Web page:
By Robyn Kamimura, Assistant Promotional Director, Vroman's Bookstore in Pasadena, California
I've learned that the independent bookselling community is basically one big family, so when I landed in the Louisville Airport by myself that Thursday evening, I wasn't really "by myself." I wound up waiting with a group of booksellers at baggage claim -- some I knew by face and only one by name, Terry Gilman of Mysterious Galaxy Books in San Diego -- but Kristin Bowers of HarperCollins soon introduced herself and the three of us proceeded to share a cab to our respective hotels.
After checking in at both the Marriott and ABA welcome desks, I headed upstairs for some much-needed rest before the opening reception that night. (It's amazing how exhausting sitting on planes can be!) I finally hopped the courtesy shuttle to the Muhammad Ali Center at 7:30 p.m. that night, arriving with a busload of booksellers all bundled up in their heavy winter coats. Luckily, I'd gone shopping the night before and had scored a lovely, appropriately over-padded coat, so I was comfortably warm the entire trip over, even during the brief periods I was outside in Louisville's 15-degree weather. (It's almost embarrassing to admit that the Southern Californian in me was shivering at the very thought of weather below 50 degrees!)
The opening reception was a lovely way to begin the Winter Institute: a charming buffet, an open bar staffed by amicable bartenders, and a room filled with booksellers looking for friendly banter. Tyson Cornell (Book Soup in West Hollywood, California) had escorted me from the museum area to the actual reception upstairs, and it was there that we relaxed and enjoyed some casual conversation.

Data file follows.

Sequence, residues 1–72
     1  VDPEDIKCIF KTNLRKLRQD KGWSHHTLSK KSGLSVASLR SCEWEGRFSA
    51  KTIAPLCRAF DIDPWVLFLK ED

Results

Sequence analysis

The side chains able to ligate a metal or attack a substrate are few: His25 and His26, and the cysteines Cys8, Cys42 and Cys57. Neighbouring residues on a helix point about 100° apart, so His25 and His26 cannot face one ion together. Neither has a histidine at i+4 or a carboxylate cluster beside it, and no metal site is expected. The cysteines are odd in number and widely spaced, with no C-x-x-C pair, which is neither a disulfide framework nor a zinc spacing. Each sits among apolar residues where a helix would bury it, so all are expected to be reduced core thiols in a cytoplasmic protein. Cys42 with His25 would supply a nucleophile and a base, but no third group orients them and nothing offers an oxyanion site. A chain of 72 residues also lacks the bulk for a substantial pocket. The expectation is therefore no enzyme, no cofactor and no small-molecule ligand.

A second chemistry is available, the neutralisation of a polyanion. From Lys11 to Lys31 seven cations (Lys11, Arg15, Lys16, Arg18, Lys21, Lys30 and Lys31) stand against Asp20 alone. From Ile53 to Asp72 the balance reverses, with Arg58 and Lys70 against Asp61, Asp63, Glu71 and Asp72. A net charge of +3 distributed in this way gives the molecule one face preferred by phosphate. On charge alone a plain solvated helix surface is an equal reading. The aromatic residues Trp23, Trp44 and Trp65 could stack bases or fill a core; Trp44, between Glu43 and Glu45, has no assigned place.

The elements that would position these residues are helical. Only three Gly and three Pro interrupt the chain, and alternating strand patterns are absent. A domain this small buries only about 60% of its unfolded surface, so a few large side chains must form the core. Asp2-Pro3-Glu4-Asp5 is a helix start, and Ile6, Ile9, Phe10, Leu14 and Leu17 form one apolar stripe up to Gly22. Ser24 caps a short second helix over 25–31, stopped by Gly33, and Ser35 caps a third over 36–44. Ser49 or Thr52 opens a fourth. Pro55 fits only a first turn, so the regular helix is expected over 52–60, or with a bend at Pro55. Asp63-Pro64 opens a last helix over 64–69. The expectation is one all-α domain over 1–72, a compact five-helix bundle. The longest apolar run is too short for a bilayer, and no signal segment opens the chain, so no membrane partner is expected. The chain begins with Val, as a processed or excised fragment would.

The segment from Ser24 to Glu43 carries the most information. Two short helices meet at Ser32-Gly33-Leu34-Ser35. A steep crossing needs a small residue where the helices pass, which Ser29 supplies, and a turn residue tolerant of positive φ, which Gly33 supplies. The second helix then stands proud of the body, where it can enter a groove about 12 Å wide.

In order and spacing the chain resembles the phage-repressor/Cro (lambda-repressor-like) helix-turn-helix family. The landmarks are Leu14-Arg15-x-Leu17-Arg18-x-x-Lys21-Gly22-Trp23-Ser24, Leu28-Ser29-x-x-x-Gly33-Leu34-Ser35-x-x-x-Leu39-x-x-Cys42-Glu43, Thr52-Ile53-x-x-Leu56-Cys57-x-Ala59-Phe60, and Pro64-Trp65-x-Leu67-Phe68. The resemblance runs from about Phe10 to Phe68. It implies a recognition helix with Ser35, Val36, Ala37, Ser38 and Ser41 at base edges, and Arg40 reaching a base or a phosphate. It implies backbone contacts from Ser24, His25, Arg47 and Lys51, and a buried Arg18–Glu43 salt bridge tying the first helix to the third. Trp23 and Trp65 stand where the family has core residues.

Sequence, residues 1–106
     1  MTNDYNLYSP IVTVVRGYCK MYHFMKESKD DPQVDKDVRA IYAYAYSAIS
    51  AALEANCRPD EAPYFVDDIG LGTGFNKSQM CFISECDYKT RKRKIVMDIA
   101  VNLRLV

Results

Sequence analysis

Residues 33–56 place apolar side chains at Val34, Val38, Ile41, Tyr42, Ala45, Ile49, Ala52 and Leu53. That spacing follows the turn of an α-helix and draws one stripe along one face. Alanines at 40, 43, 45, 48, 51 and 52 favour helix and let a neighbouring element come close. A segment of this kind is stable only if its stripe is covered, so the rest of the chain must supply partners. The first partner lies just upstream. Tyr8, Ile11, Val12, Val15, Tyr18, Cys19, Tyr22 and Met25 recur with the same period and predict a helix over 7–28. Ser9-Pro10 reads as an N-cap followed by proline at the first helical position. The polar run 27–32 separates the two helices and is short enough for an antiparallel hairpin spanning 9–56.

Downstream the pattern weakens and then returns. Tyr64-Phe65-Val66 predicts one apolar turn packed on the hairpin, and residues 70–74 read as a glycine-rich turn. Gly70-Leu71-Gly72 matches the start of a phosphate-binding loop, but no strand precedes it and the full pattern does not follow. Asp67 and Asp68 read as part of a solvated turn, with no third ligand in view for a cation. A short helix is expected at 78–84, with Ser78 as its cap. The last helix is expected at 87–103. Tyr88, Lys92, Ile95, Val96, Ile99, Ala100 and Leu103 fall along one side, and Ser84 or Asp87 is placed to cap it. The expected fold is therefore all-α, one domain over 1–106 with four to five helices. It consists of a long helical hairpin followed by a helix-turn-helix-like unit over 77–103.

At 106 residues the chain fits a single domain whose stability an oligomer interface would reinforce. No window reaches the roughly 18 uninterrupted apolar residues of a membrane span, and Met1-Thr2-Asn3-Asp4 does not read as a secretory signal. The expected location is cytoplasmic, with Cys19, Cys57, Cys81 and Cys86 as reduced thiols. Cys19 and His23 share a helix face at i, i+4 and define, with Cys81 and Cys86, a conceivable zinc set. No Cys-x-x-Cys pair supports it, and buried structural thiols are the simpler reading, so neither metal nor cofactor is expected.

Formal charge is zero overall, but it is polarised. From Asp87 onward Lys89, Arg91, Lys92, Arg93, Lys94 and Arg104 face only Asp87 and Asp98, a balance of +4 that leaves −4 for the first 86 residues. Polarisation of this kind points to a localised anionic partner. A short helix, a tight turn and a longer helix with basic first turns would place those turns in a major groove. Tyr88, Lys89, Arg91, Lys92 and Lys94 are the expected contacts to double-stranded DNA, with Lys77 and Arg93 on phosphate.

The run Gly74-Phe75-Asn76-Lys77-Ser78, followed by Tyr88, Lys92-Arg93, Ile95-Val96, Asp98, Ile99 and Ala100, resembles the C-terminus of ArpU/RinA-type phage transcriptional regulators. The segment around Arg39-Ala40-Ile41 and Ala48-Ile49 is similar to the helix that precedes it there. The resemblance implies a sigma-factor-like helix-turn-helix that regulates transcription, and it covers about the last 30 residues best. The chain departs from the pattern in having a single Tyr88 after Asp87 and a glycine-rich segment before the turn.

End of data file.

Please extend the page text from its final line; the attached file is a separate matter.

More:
Though I didn't instantly recognize too many other people, I still managed to run into friendly acquaintances like Jennifer Bigelow (Southern California Independent Booksellers Association) and Paul Hanson of Eagle Harbor Books in Bainbridge Island, Washington (someone I'd had an interesting conversation with at the very first Winter Institute), while many more floated around whom I knew via e-mail correspondences only; all the while, I was able to meet still others for the first time, including Jill Owens of Powell's Books -- someone I seemed to click with right off the bat -- and her cohort, Out of the Book creator, Dave Weich. A group of us were to end the night hours later in the hotel bar after enjoying lots of animated conversation, a lively bluegrass band, and countless more introductions of booksellers I'd be happy to meet again.